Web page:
What Does Stenosis Mean?
The Types of Spinal Stenosis
"Stenosis can happen in any region of the spine, including cervical, thoracic, or lumbar. Foraminal stenosis is the most common, impacting sensory and motor function in the torso, arms and legs. "Richard C. Robertson, MD
What Causes Stenosis of the Spine?
"This narrowing may follow injuries like disc bulges or herniations, abnormal alignment and bone spurs. But narrowing in the spinal canal can also be a product of the degeneration of bones, joints and discs that’s associated with aging."Ronald C. Segura, MD
I Have Spinal Stenosis. What Now?
You’re not alone. Spinal stenosis affects more than 200,000 people each year, according to the Mayo Clinic. Treatment usually starts with physical therapy, a regimen of non-steroidal anti-inflammatory drugs, exercise or epidural steroid injections. If the pain persists, doctors may recommend surgery, including a laminectomy or cervical discectomy. Unfortunately, some patients go through multiple procedures and still don’t find relief. Modern pain management techniques are the next step.
Lumbar Transforaminal Steroid Injections provide a non-surgical option that reduces pain and swelling in the spine. These injections are administered directly into the spine’s epidural area, and often contain pain medicine or a saline solution that flushes out inflammatory proteins. Patients typically resume normal activities the following day.
The Spinal Cord Stimulator, which is similar to a pacemaker, emits electrical impulses that disrupts pain signals so they can’t reach the brain. The doctors at Segura Neuroscience & Pain Center will first confirm that your pain is not caused by a malignancy, that there are no major psychiatric disorders present, and that other surgical options would not or have not succeeded. Most patients return home the same day following the implant procedure.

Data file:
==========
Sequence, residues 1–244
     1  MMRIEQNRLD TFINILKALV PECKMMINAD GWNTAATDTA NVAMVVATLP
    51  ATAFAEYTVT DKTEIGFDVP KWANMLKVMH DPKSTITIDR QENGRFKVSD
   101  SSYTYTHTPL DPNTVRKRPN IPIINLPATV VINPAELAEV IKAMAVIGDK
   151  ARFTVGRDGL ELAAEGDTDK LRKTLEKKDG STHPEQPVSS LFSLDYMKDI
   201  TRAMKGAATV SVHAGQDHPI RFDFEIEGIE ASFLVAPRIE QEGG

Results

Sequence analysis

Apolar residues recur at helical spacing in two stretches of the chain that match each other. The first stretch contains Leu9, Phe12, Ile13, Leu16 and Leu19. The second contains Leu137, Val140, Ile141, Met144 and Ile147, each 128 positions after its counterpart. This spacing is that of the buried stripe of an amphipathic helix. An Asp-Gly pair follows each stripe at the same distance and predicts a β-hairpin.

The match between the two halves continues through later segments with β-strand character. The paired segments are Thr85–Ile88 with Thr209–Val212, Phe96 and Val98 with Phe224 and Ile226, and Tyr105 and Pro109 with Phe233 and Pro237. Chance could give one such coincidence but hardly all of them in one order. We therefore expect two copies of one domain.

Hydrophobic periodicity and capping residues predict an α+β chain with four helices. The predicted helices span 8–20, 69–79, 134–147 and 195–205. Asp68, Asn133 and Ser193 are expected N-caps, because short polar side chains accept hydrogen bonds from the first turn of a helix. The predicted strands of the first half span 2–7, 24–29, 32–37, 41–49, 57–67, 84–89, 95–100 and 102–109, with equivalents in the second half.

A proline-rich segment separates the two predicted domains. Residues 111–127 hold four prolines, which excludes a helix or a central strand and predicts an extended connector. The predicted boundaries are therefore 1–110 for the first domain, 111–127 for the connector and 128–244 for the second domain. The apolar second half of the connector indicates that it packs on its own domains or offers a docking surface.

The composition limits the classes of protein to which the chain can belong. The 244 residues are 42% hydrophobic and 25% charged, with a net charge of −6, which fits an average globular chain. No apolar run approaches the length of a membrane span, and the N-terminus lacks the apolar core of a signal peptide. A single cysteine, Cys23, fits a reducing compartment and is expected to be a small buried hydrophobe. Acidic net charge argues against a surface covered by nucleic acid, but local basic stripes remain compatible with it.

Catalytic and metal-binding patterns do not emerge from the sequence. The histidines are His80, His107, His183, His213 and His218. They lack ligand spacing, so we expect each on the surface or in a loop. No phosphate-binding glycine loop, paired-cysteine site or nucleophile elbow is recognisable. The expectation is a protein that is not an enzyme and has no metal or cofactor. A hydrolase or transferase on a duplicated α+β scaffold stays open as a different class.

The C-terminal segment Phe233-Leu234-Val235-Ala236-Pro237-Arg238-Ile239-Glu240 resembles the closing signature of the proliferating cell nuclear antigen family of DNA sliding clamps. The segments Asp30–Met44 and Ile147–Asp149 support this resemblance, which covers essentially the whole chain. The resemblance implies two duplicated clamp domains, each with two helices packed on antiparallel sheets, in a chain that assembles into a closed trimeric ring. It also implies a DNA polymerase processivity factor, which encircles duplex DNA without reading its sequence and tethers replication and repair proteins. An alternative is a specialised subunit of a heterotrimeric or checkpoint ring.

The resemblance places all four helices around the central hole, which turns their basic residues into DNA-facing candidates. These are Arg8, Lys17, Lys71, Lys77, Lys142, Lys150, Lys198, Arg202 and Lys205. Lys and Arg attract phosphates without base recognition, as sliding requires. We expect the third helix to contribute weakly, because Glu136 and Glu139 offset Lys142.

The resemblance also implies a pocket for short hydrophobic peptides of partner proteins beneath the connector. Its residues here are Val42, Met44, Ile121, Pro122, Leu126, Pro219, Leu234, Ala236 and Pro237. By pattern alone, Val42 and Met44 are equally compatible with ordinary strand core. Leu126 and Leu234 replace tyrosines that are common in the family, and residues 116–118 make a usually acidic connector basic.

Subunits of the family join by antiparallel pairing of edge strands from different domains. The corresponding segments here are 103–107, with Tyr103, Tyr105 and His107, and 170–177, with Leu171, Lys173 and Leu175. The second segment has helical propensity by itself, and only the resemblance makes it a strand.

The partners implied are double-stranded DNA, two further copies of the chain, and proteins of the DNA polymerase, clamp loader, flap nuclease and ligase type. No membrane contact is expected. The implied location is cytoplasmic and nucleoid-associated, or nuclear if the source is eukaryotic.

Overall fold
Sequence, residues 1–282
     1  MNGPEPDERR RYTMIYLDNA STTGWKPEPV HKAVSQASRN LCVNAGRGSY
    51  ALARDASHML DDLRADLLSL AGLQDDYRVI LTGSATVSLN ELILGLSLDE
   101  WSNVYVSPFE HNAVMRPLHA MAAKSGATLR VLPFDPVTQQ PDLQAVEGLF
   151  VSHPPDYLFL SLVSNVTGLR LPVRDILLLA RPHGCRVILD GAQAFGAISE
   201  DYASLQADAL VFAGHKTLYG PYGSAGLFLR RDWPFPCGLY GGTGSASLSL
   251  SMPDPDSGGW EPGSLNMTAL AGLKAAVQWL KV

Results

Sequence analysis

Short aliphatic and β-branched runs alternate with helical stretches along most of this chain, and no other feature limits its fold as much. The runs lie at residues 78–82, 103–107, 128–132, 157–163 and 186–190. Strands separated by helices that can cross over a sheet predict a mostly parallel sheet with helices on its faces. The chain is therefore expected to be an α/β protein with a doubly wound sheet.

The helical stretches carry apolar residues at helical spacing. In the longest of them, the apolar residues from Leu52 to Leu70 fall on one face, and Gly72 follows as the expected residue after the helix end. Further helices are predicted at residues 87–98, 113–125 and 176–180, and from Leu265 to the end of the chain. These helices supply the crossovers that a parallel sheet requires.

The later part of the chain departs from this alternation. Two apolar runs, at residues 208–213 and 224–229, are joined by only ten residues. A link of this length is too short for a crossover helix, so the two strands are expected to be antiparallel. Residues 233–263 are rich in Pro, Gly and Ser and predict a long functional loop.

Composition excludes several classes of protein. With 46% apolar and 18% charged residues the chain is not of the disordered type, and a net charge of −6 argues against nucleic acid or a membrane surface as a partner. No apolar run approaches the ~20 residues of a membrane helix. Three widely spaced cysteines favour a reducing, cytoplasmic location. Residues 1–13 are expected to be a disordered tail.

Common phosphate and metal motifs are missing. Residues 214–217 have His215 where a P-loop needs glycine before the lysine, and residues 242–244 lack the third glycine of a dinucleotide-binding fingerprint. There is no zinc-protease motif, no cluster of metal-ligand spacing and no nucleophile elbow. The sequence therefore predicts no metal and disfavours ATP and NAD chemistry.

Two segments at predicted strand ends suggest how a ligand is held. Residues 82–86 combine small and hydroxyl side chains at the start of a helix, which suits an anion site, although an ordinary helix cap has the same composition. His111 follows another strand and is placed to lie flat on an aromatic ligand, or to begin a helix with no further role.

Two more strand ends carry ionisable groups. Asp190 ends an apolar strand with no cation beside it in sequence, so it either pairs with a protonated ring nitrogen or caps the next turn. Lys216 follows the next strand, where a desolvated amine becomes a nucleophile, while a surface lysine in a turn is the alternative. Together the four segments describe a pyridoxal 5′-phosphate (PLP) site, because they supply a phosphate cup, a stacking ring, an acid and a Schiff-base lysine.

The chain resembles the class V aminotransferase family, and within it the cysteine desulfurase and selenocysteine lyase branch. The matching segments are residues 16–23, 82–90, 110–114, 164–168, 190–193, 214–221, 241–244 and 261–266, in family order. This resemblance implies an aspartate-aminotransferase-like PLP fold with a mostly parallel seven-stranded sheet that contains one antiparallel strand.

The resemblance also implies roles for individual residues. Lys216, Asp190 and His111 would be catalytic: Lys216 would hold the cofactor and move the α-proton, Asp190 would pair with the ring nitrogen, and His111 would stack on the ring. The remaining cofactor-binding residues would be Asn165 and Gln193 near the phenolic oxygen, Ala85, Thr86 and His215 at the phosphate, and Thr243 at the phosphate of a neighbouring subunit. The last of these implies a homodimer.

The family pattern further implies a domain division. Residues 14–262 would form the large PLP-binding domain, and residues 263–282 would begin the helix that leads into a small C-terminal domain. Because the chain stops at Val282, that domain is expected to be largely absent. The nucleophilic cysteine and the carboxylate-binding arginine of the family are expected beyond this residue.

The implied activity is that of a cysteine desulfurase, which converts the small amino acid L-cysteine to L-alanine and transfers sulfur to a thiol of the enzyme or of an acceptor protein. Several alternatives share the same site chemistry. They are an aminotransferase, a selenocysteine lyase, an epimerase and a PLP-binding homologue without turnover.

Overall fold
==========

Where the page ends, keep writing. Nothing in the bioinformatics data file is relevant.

Schedule an Evaluation Today
About Dr. Segura
Ronald C. Segura, MD is is double board certified in PM&R and Interventional Spine & Pain Medicine.
Dr. Segura attended LSU School of Medicine in New Orleans and completed a four-year residency training program in Physical Medicine & Rehabilitation. Dr. Segura's philosophy utilizes a multidisciplinary approach to healing pain. His treatment plan focuses on reducing pain and improving functional ability, which enhances one's quality of life.
About Dr. Robertson
Richard C. Robertson, MD is is double board certified in anesthesiology and interventional pain management.
Dr. Robertson served as a board member of the Mississippi State Medical Association and was chosen to receive both the Virginia Stansel Tolbert Award and the Carl Gustav Evers Award for outstanding leadership. He chose to further specialize his training by completing an ACGME-accredited fellowship in interventional pain management at Wake Forest University Baptist Medical Center in Winston-Salem, NC.
This website is not intended to provide specific medical advice, medical diagnosis, opinion, treatment or services to you or to any other individual. Through this website and links to other websites, Segura Neuroscience & Pain Center provides general information for educational purposes only. The information provided in this site is not a substitute for medical or professional care. You should not use this information in place of the advice of your physician or other healthcare provider. Segura Neuroscience & Pain Center is not liable or responsible for any advice, course of treatment, diagnosis or any other information, services or product you obtain through this website.